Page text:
One of the places we visited after leaving Derry was the Doagh Famine Village, near the northern tip of Ireland. The family that runs the place and provides the tours lived in one of the thatched-roof cottages until the mid 1980s. Despite the name of the site, the place is about far more than the Irish famine of the 1840s. For example, would you go to a famine village to learn about the passing of the old cultures of Gypsies and Travelers? But there is an exhibit room on that topic, with some rather perceptive comments on the display signs. And there was much more. Poverty around the world was a frequent topic, but overall the museum was kind of a hodge-podge – in a good way. I liked it and would like to go back some time to see the new exhibits that are being built.
Someone came up with the name Misery Tours as a collective term for these tourist places like the Famine Village, the Bogside Walking Tour, and the Famine Ship (which we visited in 2014). I don’t know if it was one our party came up with that term, or if it came from one of our B&B hosts or someone else, but that’s what we’ve taken to calling them. We tend to seek them out, but one we missed was the new Tenement Museum in Dublin. It wasn’t open while we were there. Maybe next time.
No famine for us anywhere on this trip. After visiting the Doagh Famine Village we stopped for lunch in Carndonagh. I didn’t take photos of every street where we stopped to eat. I kind of wish I had, but I did this one just because.
Malin Head is the northernmost tip of Ireland. It was windy when we were there, and one of the main activities when standing up here on the high point was keeping my footing so I wouldn’t get blown over.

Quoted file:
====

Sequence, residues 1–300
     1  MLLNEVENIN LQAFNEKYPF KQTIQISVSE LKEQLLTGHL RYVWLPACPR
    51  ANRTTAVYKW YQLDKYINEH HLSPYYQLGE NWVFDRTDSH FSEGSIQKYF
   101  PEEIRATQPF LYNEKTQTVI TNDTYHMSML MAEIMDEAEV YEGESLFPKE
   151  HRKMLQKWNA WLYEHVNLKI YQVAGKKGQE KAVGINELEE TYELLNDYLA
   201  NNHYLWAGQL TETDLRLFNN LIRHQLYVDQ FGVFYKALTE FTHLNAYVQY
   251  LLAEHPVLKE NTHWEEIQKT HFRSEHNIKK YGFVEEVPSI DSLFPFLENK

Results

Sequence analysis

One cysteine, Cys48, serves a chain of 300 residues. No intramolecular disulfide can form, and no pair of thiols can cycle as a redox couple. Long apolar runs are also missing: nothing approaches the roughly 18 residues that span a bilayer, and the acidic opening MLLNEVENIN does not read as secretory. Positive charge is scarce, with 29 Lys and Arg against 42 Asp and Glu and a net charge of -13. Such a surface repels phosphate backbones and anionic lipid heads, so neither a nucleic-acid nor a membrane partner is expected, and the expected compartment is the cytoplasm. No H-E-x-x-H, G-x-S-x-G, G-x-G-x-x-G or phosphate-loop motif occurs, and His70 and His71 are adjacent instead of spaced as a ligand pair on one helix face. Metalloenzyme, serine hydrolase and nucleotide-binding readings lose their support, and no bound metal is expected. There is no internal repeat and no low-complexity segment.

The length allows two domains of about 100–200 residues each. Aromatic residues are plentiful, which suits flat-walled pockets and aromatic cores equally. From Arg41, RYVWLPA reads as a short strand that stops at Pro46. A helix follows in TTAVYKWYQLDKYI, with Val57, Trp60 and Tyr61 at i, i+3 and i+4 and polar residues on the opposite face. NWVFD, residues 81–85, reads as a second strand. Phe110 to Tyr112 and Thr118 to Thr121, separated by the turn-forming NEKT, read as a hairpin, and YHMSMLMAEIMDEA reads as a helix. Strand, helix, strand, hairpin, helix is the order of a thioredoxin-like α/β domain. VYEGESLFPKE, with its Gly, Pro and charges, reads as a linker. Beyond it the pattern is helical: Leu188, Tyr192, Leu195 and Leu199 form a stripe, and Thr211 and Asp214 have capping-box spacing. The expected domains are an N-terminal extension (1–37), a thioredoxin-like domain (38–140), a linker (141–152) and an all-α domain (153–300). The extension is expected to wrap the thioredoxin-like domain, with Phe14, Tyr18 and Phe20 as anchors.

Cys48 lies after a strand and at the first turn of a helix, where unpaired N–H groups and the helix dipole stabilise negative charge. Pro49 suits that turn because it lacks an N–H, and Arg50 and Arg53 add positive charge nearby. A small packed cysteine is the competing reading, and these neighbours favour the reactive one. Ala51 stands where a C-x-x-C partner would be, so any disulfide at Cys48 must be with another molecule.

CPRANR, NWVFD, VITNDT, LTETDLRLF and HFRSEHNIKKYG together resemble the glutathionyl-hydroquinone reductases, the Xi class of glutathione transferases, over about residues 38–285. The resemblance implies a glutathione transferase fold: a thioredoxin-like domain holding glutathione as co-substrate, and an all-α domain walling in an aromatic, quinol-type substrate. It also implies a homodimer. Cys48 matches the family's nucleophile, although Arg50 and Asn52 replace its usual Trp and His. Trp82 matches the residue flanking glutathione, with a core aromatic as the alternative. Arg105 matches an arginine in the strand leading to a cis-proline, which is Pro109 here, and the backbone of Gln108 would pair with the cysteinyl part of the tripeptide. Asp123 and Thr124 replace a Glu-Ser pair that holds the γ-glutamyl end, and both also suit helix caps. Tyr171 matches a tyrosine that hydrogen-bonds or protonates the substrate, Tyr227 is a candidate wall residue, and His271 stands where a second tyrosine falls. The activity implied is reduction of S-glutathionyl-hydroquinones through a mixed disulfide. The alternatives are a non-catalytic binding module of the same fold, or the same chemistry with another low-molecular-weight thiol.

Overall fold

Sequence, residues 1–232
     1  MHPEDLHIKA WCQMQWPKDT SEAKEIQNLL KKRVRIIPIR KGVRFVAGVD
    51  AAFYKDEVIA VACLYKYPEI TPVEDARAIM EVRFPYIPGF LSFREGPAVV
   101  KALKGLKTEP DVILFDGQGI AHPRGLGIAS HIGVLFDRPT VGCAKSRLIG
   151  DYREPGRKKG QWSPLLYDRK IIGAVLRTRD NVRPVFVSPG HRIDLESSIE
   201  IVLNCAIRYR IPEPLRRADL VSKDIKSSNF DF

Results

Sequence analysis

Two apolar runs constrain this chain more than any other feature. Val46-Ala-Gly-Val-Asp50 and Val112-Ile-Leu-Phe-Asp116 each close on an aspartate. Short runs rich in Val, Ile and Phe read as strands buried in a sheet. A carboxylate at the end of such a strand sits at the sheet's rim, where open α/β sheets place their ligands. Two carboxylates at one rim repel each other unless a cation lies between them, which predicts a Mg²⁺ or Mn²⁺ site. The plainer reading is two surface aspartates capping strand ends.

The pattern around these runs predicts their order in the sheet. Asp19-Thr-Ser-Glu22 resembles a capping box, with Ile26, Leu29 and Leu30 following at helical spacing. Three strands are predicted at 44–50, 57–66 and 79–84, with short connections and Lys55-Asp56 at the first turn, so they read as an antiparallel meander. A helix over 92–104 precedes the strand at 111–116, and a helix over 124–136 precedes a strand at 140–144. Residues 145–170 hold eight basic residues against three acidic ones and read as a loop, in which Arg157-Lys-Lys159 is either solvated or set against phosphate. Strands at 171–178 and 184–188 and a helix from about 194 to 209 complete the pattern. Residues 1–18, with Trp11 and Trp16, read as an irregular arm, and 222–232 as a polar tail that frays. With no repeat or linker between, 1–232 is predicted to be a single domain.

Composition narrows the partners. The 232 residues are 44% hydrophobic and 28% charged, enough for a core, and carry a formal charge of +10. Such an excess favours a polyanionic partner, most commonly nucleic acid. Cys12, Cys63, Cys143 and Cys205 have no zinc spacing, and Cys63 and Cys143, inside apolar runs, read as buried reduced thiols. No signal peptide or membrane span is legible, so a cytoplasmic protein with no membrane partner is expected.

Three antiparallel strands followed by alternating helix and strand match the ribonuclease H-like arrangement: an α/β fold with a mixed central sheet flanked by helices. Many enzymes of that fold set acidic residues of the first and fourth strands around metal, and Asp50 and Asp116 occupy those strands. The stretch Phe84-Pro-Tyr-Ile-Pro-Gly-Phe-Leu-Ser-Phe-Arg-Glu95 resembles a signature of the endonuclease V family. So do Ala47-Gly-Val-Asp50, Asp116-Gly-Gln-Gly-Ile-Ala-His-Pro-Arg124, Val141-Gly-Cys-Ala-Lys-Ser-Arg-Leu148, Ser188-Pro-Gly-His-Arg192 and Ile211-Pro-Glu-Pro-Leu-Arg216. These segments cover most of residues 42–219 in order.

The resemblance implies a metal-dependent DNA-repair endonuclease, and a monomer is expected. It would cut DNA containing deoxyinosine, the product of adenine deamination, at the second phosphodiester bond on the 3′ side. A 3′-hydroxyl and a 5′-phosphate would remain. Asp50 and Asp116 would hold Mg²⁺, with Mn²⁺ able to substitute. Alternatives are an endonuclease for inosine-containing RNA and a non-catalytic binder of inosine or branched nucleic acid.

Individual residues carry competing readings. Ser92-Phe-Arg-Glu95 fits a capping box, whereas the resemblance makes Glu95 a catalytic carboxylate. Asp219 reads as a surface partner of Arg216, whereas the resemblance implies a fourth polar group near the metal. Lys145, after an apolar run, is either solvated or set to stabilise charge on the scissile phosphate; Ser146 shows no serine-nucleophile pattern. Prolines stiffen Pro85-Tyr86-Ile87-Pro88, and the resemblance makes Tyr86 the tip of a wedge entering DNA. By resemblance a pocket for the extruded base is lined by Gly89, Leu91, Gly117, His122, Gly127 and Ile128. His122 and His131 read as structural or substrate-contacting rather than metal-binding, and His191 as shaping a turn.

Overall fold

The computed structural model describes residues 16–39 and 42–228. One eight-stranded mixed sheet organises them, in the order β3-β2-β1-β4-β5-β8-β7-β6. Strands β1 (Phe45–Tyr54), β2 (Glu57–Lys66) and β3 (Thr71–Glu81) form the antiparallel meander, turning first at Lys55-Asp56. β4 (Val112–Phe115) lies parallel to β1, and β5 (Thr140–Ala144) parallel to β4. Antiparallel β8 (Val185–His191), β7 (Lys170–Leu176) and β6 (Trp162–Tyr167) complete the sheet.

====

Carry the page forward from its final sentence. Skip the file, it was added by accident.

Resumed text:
The concrete structure is leftover from World War II when Irish soldiers monitored the sky and water for planes and ships. Ireland was officially neutral during the war, but some of the equipment came from the British and useful information was sent from here to the British.
As usual we visited a few castles. The photo shows a small piece of the Dunluce Castle.
At the visitor center for the Giants’ Causeway I paid for us to get the guided tour. We should have skipped the tour and just walked down by ourselves to visit the Causeway. I didn’t spend much time there (it’s the pointy projection out into the sea) but went off on a trail that climbs the cliff. At various points I looked back and took photos, including this one.
At Ballycastle we were getting comfortable with being on the road in Ireland. It’s a long story and not interesting enough to explain. It was just easy and comfortable to be there. But we were also getting close to the end of our two week stay.
From the harbor at Ballycastle we were able to see the cliffs of Fair Head, so went out to take a look. We parked at a car park in the corner of a farmyard, and went hiking in the farmer’s pasture. A trail is marked, sort of, with signposts. You’re on your own to figure out how to get from one signpost to the next, using cow paths or any route that seems likely. If you get close enough to the edge you can hear the surf down below.
Our last night on the road was at the Pier 36 bar, restaurant, and guest house in Donaghadee. Our rooms were up a narrow staircase on the third floor and very comfortable, with a nice view of the harbor. In the morning we watched seals and diving birds.
There was more at the end and more at the beginning of the two weeks, but it’s time to get back to some roadside history posts.